Using Fine-scale Aquatic Habitat Data to Construct Dreissenid SDMs in the Laurentian Great Lakes
Master of Science (M.S.)
Degree Granting Department
Biology (Integrative Biology)
Andrew M. Kramer, Ph.D.
David B. Lewis, Ph.D.
Joni A. Downs, Ph.D.
invasive species, bioclim, machine learning, spatial modeling
The invasion of the Laurentian Great Lakes by aquatic invasive species (AIS) has been the subject of investigation for decades, due to their dramatic alterations to the ecosystem and high economic costs. Two AIS with the largest impacts are dreissenid zebra and quagga mussels, and though these species have been studied extensively, questions remain about what factors control their distributions, and whether lake warming will alter these distributions. Species distribution models (SDMs) offer a powerful tool to examine the relationship between species presences and environmental variables, which are typically bioclimactic data. The creation of the Aquatic Habitat (AqHab) dataset containing biological, chemical, geomorphological, hydrological variables within the Great Lakes provides a novel opportunity to build models that do not rely on atmospheric climate proxies. We hypothesized that the high-resolution AqHab dataset would produce SDMs with improved predictive capabilities for dreissenids than SDMs constructed with BioClim covariates. We also predicted niche differences between the dreissenids would be reflected by the models. SDM models were fitted using two algorithms: Maximum Entropy (MaxENT) and Boosted Regression Trees (BRT). AqHab models better predicted quagga mussel presence than BioClim models. Dreissenid niche differences, such as zebra preferring shallow, warm waters and quaggas preferring deep, cold waters, were apparent from all models. Our results imply that aquatic species distribution models may be improved with the addition of aquatic habitat environmental layers.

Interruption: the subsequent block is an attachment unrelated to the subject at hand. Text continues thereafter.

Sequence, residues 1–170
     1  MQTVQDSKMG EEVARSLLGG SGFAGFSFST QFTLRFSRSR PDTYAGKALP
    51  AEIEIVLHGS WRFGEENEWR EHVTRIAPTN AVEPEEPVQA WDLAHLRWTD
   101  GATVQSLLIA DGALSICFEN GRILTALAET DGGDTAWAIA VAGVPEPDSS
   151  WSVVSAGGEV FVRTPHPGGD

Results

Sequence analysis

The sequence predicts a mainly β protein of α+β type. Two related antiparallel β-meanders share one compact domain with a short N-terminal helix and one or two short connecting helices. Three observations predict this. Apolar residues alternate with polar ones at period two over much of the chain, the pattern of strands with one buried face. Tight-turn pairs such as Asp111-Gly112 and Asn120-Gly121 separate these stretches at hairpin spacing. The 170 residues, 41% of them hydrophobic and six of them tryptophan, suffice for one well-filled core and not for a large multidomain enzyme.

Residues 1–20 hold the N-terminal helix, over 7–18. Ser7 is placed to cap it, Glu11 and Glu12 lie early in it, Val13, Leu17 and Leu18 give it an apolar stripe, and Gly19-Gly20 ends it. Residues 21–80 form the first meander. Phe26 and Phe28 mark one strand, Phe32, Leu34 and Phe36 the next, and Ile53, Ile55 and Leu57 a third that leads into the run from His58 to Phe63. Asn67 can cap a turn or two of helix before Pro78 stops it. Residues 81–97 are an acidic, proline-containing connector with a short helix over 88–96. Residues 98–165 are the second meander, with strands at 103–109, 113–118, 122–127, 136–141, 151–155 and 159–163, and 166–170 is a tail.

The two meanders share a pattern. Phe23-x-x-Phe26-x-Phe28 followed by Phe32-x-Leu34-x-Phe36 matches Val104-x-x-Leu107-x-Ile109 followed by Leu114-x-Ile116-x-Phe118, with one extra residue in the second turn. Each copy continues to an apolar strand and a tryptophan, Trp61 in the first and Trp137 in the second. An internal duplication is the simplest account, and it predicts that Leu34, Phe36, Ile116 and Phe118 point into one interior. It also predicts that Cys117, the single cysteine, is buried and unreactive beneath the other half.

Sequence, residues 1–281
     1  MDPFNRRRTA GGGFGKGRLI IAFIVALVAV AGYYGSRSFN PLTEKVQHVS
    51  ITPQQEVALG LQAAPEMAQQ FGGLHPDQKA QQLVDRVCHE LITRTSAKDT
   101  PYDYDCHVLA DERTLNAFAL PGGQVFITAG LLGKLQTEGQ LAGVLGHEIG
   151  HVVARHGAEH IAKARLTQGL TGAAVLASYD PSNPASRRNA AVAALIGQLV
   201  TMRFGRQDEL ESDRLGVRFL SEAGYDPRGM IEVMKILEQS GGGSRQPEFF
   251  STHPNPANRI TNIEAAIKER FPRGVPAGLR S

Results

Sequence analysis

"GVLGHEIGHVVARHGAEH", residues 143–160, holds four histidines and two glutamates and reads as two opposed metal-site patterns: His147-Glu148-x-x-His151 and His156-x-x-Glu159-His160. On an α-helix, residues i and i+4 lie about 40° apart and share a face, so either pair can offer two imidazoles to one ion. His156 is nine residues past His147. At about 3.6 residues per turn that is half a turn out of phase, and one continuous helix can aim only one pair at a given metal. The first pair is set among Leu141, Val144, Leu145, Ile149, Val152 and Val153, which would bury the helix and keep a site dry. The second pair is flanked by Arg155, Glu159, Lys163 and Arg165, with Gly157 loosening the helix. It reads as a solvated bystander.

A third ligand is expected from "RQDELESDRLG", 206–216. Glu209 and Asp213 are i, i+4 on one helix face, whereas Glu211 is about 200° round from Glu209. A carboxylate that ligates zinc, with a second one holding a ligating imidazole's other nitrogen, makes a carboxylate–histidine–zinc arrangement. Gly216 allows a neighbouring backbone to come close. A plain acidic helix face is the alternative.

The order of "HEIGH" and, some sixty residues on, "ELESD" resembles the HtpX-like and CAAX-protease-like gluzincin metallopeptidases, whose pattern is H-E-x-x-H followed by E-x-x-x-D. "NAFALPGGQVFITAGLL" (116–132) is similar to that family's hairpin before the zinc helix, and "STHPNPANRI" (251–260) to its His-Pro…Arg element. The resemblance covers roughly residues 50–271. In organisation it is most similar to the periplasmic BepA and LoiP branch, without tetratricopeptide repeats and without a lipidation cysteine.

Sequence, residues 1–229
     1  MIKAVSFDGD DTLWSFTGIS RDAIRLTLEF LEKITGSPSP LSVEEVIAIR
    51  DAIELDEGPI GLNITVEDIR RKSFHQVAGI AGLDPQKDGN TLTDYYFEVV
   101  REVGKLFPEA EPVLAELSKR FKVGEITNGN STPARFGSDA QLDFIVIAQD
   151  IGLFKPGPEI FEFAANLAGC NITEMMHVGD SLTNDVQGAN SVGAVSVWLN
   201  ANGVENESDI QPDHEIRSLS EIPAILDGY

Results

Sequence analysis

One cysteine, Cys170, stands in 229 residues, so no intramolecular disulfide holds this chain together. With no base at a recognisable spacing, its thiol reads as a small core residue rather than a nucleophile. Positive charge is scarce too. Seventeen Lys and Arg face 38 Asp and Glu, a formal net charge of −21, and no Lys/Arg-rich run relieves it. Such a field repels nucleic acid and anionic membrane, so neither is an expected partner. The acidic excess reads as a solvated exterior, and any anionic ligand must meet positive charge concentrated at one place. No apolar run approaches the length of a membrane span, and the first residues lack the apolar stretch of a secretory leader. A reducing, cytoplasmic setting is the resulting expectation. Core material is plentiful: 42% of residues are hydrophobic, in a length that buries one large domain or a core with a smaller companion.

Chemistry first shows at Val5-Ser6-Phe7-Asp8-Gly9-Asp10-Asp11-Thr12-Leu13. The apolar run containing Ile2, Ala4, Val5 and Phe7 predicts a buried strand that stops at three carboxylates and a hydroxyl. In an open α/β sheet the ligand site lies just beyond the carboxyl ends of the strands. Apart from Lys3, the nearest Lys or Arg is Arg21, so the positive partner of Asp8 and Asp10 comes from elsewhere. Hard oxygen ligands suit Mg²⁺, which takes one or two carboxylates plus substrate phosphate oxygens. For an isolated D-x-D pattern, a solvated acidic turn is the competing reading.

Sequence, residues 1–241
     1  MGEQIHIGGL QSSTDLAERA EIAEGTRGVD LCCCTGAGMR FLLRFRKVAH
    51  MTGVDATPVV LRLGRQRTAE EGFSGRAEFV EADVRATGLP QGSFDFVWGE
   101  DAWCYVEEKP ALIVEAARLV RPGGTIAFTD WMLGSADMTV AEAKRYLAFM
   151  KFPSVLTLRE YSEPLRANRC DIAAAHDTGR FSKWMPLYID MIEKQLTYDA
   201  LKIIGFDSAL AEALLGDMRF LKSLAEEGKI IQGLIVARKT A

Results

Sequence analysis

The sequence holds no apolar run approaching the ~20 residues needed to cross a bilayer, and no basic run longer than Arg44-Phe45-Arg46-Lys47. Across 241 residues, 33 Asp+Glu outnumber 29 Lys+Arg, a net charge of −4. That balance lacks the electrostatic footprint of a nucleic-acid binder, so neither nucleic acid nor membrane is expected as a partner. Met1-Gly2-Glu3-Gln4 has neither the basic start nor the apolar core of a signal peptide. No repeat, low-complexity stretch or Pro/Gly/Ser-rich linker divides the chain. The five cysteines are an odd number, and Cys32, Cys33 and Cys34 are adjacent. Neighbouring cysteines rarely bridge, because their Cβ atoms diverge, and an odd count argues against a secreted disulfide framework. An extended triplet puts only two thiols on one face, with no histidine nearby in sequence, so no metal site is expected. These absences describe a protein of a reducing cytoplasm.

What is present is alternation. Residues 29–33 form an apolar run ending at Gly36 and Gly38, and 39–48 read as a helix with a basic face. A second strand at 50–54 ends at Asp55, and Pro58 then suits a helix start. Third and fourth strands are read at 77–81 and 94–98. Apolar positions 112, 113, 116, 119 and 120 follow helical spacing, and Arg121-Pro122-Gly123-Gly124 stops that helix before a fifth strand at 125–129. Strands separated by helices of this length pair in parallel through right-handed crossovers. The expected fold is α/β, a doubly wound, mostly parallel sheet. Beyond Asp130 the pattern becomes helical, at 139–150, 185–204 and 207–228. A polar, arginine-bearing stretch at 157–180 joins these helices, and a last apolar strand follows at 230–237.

Scholar Commons Citation
Henderson, Grace C., "Using Fine-scale Aquatic Habitat Data to Construct Dreissenid SDMs in the Laurentian Great Lakes" (2022). USF Tampa Graduate Theses and Dissertations.
Biostatistics Commons, Ecology and Evolutionary Biology Commons, Water Resource Management Commons